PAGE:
Ages of onset and rates of syndromal and subsyndromal comorbid DSM-IV diagnoses in a prepubertal and early adolescent bipolar disorder phenotype.J Am Acad Child Adolesc Psychiatry. 2003 Dec; 42(12):1486-93.JA
To study rates and ages of onset of DSM-IV syndromal and subsyndromal comorbidity in a prepubertal and early adolescent bipolar disorder phenotype (PEA-BP) (N = 93) compared to attention-deficit/hyperactivity disorder (ADHD) (N = 81).
The WASH-U-KSADS was given by raters blinded to subject group separately to mothers about their children and to children about themselves. PEA-BP was defined as DSM-IV mania with at least one cardinal symptom of mania (elation or grandiosity) to avoid diagnosing using only symptoms that overlapped with those for ADHD. Syndromal diagnoses required a CGAS score of 60 or less to ensure severity at a level of definite "caseness."
PEA-BP subjects were aged 10.9 (SD = 2.6) at baseline and 6.8 (SD = 3.4) at onset of first mania episode. Rates of oppositional defiant disorder and total number of comorbidities were significantly higher in the PEA-BP group than the ADHD group. In PEA-BP subjects, mean ages of onset of ADHD occurred before the first manic episode, and obsessive compulsive, oppositional defiant, social phobia, generalized anxiety, separation anxiety, and conduct disorders occurred after.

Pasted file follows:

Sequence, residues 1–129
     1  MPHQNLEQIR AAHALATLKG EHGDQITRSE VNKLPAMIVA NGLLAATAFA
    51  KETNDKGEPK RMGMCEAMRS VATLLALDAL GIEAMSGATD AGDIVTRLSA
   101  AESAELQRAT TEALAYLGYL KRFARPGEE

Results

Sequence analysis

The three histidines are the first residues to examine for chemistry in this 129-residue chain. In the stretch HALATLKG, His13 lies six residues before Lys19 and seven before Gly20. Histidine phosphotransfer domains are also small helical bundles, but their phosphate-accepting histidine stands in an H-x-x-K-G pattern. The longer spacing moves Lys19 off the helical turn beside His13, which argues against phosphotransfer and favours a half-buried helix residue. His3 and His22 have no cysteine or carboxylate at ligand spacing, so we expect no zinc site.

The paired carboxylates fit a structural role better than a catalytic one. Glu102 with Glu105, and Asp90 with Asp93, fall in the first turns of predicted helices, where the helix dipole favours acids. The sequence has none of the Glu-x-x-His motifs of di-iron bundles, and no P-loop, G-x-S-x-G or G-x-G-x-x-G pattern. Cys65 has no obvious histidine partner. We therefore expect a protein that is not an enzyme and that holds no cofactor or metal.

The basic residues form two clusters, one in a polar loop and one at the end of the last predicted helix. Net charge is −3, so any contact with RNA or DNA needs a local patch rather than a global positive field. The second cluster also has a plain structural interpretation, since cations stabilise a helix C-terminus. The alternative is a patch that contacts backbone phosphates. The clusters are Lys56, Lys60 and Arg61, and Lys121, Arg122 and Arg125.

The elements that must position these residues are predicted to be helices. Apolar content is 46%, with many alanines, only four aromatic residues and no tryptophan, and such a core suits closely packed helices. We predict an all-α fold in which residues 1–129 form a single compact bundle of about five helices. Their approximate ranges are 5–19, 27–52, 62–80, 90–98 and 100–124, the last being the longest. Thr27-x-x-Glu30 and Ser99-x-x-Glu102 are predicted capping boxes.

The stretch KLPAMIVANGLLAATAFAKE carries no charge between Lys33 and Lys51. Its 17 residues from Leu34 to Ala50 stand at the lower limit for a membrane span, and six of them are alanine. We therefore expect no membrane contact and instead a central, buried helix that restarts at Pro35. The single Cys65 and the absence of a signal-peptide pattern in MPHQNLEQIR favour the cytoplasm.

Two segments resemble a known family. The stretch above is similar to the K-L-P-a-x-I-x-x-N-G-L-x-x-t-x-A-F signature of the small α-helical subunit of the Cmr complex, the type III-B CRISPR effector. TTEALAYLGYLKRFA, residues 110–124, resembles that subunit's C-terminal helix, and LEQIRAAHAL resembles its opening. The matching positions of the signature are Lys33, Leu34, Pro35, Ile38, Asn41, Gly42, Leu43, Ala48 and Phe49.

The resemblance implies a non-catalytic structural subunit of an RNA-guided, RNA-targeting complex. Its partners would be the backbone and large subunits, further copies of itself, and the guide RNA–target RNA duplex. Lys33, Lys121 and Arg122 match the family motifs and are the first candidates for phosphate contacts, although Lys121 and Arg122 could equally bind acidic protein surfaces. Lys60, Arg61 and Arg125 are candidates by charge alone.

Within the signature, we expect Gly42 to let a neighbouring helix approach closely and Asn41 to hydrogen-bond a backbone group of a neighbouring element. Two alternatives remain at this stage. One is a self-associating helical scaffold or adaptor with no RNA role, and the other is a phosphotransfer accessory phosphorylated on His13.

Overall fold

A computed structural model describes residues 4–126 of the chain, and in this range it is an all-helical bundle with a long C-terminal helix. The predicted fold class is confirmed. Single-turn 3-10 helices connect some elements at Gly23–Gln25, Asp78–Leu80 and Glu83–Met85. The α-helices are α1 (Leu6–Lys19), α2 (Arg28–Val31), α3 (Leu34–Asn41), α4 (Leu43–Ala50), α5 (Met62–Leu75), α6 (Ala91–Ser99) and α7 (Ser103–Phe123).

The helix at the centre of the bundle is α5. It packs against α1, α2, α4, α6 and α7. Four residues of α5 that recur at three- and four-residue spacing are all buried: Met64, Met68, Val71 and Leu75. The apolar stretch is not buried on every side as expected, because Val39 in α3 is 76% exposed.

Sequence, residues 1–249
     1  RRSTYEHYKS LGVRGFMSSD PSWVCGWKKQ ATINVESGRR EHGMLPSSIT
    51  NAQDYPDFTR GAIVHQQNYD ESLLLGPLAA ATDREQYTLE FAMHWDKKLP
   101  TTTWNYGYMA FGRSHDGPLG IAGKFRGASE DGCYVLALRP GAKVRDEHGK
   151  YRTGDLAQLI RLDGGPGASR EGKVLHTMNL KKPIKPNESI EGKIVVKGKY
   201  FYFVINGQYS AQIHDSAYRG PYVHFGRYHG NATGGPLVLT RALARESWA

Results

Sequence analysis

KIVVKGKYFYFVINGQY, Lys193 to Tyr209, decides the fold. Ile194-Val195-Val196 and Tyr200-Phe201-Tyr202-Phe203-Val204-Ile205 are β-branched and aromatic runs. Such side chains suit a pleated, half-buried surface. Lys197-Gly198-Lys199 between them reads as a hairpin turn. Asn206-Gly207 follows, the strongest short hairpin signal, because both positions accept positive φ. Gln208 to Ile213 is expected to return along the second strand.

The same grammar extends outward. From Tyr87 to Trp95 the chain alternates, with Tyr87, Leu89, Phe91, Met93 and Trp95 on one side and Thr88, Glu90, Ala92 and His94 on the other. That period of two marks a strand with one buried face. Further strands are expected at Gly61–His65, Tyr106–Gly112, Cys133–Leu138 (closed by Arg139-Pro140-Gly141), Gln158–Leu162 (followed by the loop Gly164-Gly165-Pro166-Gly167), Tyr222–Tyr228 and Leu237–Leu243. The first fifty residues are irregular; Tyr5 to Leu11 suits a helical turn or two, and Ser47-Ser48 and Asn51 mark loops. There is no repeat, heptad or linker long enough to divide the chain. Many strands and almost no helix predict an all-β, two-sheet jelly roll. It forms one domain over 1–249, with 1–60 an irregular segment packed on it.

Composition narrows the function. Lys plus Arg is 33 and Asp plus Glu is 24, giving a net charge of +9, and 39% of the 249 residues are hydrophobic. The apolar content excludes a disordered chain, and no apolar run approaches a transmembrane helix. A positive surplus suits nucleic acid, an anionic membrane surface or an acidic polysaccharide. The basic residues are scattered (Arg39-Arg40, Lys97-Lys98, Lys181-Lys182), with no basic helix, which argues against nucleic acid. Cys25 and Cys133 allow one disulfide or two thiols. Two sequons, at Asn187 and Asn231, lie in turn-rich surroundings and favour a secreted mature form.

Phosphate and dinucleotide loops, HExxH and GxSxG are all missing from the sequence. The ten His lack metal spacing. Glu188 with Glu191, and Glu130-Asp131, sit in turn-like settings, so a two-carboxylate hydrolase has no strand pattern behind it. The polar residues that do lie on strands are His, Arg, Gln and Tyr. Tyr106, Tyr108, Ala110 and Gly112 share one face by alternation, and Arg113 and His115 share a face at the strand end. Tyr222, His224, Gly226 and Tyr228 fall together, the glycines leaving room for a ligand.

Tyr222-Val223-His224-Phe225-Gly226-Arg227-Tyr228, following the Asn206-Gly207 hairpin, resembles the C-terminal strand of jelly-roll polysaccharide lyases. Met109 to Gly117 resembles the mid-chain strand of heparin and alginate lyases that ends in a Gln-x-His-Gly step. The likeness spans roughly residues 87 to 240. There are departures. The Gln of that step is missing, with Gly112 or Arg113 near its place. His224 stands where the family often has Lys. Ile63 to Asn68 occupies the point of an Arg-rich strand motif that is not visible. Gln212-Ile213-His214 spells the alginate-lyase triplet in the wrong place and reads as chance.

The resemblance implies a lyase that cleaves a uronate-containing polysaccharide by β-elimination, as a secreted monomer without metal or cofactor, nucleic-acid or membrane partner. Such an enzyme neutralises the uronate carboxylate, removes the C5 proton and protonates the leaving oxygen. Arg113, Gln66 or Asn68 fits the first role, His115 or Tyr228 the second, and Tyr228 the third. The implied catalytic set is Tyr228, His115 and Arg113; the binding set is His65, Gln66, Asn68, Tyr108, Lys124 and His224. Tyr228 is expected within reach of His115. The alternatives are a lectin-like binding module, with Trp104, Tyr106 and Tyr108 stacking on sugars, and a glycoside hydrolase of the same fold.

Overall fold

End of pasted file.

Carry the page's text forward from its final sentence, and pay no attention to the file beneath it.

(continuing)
Onsets of ADHD before mania and of oppositional defiant disorder/conduct disorder after mania have clinical and research implications. These include the need to examine for mania symptoms in children with ADHD and/or oppositional defiant disorder/conduct disorder and to develop scales to differentiate preschool mania from ADHD. Comparison with other studies demonstrated the importance of DSM system and severity scales in reporting comorbidity rates.